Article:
Why are there so many different types of batteries?

This article originally appeared on The conversation.

If you've been looking through your tool drawer lately, you may have noticed the different shapes, sizes, and types of batteries that power your electronic devices. First, there are the round, non-rechargeable button cells for your watches and small items. There are also the popular cylindrical AA and AAA batteries for calculators, clocks and remote controls. Then you have the rechargeable lithium-ion batteries in your laptops and phones. And don't forget the lead-acid battery in your car.

I'm a professor who studies batteries and electrochemistry. To understand why there are many batteries different sizes and shapes– and serves many purposes – look to the past, to how batteries came into existence and how they have developed over the years.

The first batteries were made in the 19th century and were quite simple. One of the first demonstrations was a series of metal discs soaked in brine, which the Italian scientist Alessandro Volta discovered created an electric current. The first lead-acid battery was made of a a few pieces of lead in a jar of sulfuric acid. The modern versions are not that different. They are simply easier to manufacture and contain various additives to improve performance.

In all cases, batteries perform the same way: a voltage difference between two dissimilar electrodes produces an electric current, which can be discharged to power a device. Rechargeable batteries can then reverse this current to recharge. In the battery, the electric current is accompanied by the flow of ions through a liquid, the electrolyte.

The passage of each electron in the current is accompanied by the transport of one ion through the electrolyte. Electrodes that can store more ions lead to batteries that can hold more charge and therefore last longer on a single charge. Electrodes designed for faster ion storage lead to batteries that can discharge faster, for high-power applications. Finally, charging and discharging many times without loss of quality leads to batteries with a long lifespan.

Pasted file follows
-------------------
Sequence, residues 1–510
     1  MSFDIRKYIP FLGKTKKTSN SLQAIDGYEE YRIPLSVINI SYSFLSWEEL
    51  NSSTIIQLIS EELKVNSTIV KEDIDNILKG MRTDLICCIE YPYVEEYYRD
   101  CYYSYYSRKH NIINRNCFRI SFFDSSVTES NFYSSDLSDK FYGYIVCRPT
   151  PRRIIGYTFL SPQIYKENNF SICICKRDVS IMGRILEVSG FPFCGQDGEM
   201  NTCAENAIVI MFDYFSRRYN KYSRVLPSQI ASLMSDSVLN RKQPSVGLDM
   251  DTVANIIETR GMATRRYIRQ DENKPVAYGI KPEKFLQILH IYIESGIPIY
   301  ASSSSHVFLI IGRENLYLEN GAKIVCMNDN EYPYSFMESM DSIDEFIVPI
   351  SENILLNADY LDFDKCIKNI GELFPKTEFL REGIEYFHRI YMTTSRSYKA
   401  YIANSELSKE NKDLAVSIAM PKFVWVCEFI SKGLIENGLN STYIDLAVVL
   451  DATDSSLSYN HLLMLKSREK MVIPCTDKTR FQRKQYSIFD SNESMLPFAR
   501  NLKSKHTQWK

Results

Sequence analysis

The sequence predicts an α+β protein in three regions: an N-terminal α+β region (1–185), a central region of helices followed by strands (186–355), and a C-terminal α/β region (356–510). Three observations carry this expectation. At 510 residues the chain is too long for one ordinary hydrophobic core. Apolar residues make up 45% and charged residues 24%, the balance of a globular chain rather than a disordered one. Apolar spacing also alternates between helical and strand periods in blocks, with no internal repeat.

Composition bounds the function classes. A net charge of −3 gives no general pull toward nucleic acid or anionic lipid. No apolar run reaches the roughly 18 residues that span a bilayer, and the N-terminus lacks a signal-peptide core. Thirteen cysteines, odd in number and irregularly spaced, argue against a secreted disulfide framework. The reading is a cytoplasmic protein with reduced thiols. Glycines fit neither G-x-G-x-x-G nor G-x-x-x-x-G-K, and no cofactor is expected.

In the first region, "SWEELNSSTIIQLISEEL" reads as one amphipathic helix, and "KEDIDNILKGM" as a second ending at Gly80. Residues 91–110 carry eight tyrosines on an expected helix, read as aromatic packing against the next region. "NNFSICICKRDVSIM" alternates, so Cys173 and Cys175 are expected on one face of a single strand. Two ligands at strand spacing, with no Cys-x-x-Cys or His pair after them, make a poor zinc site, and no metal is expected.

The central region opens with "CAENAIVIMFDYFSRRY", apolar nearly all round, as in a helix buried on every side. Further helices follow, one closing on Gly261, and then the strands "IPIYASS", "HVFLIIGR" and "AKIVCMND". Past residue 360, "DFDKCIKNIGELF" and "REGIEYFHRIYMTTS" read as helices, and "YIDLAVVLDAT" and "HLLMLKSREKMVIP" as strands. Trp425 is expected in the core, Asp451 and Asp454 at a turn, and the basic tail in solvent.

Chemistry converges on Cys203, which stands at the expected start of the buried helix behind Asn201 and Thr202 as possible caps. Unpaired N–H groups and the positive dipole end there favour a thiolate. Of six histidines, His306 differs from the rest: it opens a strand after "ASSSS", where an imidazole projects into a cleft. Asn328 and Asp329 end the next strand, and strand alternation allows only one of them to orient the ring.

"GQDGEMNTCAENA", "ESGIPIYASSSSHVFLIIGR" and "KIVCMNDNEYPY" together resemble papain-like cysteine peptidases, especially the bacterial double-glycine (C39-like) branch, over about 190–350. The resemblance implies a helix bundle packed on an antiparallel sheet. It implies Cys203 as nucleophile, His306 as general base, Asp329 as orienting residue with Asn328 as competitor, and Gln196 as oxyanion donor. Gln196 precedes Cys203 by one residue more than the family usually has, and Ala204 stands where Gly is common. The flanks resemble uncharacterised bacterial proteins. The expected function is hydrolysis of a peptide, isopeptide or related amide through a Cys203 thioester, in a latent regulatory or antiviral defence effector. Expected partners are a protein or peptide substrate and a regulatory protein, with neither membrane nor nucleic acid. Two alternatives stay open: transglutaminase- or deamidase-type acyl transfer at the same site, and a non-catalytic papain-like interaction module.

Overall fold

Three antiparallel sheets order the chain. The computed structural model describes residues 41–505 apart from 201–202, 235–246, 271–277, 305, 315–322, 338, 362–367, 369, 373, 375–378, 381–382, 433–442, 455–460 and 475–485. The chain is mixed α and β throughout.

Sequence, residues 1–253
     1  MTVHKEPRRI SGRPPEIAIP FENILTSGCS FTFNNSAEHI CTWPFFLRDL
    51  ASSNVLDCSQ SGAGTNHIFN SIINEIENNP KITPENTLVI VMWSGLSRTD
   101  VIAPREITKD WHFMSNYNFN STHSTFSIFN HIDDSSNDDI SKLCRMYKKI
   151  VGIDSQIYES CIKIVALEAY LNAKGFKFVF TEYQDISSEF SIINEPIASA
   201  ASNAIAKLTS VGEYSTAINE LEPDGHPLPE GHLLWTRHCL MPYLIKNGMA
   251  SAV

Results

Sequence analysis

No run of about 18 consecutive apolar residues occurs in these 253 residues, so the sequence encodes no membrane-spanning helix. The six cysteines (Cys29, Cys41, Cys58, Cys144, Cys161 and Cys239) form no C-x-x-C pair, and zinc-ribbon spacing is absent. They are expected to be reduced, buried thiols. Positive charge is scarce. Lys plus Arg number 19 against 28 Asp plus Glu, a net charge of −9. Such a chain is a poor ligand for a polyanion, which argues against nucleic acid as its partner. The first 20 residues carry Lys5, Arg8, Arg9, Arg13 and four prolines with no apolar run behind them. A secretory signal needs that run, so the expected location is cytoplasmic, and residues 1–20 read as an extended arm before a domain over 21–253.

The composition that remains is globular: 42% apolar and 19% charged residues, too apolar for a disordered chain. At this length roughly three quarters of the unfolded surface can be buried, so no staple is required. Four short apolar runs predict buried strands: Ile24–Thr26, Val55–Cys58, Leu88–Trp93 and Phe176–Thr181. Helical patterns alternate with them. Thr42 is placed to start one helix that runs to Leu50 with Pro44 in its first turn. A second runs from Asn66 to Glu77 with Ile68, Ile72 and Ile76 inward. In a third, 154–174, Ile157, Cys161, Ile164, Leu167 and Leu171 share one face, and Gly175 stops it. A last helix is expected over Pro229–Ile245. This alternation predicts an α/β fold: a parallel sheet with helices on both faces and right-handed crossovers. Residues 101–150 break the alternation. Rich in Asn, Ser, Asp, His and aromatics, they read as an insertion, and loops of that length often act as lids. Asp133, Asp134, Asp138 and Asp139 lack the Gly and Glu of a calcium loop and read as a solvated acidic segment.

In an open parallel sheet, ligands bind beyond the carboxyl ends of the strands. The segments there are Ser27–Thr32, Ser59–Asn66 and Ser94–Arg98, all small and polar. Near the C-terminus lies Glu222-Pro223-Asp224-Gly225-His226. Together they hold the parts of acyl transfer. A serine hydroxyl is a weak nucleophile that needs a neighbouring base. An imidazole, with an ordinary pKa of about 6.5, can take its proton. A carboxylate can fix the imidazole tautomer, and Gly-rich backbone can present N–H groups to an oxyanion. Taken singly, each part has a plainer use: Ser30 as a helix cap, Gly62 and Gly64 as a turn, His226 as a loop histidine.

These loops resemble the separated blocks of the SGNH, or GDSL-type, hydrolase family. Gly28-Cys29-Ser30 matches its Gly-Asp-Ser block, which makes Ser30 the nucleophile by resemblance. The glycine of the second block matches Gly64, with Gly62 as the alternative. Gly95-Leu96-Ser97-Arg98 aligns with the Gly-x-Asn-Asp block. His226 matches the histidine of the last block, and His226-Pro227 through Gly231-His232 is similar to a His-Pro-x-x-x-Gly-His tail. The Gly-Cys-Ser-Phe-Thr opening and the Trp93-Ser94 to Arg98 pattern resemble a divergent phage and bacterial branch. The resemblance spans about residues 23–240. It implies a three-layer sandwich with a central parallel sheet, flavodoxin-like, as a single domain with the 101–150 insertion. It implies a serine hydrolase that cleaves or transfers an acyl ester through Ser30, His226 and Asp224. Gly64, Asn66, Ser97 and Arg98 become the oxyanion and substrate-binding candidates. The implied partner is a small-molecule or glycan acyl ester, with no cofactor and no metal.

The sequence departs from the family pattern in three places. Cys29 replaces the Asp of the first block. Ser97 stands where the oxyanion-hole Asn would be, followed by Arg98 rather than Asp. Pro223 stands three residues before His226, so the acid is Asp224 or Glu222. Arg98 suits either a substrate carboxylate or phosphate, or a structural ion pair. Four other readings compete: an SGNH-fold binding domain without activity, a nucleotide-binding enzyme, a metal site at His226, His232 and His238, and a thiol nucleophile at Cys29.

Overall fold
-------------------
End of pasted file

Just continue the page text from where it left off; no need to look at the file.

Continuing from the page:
Lead-acid batteries

The lead-acid battery was the first rechargeable battery invented in 1859 by Gaston Plantewho experimented with lead plates in an acidic solution and discovered that the flow and storage of electric current could be reversed.

A lead-acid battery must be large enough to provide enough charge to start a car. It should also be usable in cold climates and last for many years. Because the electrolyte is a corrosive acid, the external housing must be sturdy to protect people and car parts from possible damage. Knowing all this, it makes sense that modern lead-acid batteries are blocky and heavy.

Alkaline batteries

On the other hand, home appliances like calculators and digital scales can afford to use smaller batteries since they don't require much charging. These are mainly non-rechargeable alkaline batteries that have been used for decades. The standardized cell sizes are AAAA, AAA, AA, C and D, as well as button and button cells and many others. Their size is related to the amount of charge they store (the larger the battery, the more it can hold) and the size of the devices they power.

Sometimes you will find alkaline batteries sold in rectangular shapes, like regular 9-volt batteries, but open the outer housing and you will find that it is simply a pair of cylindrical cells connected together within. Cylindrical batteries have been around so long and in so widespread use that it simply doesn't make sense for the companies to produce anything else; it would require an investment to change their production facilities, something they would rather not do.

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